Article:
Three days before the judgment was initially due to be handed down, Lord Kerr sadly died. The President of the Supreme Court re-constituted the panel under section 43(4) of the Constitutional Reform Act 2005 to consist of Lord Briggs, Lord Sales, Lord Leggatt and Lord Thomas.
Lord Sales and Lord Leggatt give a combined separate judgment in which they disagree with Lord Briggs’ reasoning in part. They do not dissent as they recognise that they were in the minority and the pure happenstance that Lord Kerr died after completion of the judgments, but just before they could be handed down, should not mean that the case has to be re-heard due to an evenly divided panel [82-83].
Reasons for the Judgment
Collective proceedings are a special form of civil procedure. They are designed to provide access to justice and ensure the vindication of private rights where an ordinary individual civil claim would be inadequate for that purpose. This purpose helps interpret the legal requirements of the certification process .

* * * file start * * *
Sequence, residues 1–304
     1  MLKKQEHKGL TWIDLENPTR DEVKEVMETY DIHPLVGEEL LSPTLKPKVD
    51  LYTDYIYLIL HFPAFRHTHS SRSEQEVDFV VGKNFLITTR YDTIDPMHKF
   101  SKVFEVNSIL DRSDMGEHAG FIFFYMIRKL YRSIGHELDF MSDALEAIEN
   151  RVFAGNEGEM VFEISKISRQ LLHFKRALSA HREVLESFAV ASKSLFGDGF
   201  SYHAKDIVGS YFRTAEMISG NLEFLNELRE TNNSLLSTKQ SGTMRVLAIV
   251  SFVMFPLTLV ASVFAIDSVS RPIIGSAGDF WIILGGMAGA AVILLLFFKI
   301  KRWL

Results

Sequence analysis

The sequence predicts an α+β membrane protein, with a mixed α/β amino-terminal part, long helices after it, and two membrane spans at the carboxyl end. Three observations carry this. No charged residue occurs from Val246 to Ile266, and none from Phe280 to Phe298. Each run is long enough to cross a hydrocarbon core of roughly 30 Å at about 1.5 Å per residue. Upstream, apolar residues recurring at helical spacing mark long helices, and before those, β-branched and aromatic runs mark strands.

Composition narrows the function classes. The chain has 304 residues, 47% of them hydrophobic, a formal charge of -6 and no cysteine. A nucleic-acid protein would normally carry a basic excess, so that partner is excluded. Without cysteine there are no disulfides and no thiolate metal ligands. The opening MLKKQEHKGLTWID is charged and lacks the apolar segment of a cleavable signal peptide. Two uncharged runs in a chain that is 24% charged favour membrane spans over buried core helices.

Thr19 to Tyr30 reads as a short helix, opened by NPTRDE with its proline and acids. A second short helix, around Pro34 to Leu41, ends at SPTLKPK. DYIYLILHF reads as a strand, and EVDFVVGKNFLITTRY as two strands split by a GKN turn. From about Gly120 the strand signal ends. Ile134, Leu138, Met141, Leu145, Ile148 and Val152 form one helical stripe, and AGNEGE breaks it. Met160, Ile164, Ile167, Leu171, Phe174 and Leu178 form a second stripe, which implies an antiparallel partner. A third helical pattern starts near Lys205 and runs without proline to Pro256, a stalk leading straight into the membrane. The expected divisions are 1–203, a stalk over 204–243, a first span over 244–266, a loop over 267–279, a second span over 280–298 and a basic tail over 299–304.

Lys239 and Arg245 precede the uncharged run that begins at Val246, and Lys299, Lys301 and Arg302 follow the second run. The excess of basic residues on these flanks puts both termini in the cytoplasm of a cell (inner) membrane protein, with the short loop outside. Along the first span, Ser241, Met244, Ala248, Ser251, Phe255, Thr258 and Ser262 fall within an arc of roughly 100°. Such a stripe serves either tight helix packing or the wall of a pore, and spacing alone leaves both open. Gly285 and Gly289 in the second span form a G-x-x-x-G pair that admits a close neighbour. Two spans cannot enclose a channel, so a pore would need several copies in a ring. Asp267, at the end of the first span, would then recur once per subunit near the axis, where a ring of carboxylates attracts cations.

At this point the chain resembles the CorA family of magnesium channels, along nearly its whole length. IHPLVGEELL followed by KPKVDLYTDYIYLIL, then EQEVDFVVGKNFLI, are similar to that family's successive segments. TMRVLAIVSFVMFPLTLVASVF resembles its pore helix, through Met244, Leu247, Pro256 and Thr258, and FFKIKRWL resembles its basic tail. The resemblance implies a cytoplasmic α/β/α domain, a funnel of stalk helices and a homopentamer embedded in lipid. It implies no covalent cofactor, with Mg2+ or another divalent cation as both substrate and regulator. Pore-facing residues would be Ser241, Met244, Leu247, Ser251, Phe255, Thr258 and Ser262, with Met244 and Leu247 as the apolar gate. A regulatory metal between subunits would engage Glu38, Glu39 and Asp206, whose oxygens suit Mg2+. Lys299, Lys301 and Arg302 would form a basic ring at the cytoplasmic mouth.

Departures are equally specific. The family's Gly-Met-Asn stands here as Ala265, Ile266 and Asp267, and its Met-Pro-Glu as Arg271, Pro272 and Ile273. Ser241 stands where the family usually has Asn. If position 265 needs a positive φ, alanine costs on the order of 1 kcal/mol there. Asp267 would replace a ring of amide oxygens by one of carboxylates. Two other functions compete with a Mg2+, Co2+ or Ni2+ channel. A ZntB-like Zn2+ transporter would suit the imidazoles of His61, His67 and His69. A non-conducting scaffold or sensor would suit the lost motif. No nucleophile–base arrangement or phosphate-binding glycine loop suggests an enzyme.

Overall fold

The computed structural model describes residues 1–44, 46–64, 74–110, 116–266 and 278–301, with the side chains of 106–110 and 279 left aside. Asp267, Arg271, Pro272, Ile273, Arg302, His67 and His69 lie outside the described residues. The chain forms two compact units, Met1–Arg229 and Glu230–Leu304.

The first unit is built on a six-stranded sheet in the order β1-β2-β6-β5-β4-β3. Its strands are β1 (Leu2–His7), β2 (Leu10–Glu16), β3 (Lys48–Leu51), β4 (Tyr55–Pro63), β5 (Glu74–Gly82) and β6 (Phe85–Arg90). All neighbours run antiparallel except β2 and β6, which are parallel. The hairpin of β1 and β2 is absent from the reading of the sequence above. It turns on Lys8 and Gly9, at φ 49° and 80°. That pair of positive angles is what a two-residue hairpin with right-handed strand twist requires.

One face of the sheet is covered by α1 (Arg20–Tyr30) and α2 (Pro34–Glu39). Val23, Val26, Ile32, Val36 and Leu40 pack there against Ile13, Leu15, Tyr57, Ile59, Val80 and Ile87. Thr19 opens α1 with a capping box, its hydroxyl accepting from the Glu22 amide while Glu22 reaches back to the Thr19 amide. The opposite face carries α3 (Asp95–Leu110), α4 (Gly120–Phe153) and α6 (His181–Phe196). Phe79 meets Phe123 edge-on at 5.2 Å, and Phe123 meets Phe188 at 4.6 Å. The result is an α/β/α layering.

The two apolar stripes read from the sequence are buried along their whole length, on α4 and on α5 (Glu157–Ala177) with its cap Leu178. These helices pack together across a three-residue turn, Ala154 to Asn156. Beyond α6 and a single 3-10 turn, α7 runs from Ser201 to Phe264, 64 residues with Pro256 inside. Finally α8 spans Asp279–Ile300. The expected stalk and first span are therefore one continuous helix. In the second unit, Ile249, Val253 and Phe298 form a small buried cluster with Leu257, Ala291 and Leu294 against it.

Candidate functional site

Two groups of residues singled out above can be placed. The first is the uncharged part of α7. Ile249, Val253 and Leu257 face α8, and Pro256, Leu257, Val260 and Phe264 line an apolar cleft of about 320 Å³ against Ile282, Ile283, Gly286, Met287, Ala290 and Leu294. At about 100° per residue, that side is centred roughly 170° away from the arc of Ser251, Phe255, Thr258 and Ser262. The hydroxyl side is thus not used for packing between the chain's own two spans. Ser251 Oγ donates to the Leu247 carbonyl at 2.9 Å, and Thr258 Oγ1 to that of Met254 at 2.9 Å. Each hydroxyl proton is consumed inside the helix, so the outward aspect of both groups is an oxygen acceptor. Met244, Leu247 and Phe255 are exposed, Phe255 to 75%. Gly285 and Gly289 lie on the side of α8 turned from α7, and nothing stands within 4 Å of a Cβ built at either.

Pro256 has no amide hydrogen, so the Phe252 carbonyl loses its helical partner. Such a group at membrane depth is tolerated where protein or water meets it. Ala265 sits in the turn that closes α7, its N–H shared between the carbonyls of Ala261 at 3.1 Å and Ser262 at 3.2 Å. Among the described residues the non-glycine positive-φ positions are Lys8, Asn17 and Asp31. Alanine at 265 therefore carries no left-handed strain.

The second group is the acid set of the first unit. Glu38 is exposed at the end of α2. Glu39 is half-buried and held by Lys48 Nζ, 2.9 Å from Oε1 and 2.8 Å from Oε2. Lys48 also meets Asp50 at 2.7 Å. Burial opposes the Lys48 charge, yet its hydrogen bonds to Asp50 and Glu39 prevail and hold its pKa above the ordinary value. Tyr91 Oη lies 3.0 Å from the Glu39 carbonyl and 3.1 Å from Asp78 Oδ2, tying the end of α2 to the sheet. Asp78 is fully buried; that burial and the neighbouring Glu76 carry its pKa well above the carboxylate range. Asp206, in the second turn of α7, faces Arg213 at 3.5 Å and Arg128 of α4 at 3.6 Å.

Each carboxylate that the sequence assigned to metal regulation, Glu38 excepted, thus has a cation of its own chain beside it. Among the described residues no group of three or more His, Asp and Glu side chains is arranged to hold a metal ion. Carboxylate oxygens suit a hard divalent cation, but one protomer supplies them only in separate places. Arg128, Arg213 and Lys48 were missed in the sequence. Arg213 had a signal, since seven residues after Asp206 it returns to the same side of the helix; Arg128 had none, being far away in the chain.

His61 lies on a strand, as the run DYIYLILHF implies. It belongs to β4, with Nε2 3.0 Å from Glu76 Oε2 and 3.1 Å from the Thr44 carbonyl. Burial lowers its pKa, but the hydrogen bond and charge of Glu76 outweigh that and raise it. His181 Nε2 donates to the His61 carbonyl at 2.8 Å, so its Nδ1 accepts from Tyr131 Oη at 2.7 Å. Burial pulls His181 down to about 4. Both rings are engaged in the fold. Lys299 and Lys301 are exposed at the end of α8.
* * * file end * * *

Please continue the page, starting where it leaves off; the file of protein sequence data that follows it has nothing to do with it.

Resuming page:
An important element of the background to collective proceedings is that courts frequently have to deal with difficult issues in calculating damages. Courts do not deprive an individual claimant of a trial merely because of these quantification issues, provided there is a triable issue that the claimant has suffered more than nominal loss [46-47]. If these issues would not have prevented an individual consumer’s claim from proceeding to trial, the CAT should not have stopped the collective proceedings claim at the certification phase . This fundamental requirement of justice that the court must do its best on the available evidence in relation to damages is the "broad axe" principle and it applies to competition cases . Justice requires that damages be quantified in order to vindicate a claimant’s rights and to ensure that a defendant pays to reflect the wrong done, especially where anti-competitive conduct may never otherwise be restrained if individual consumers are unable to bring claims [53-54].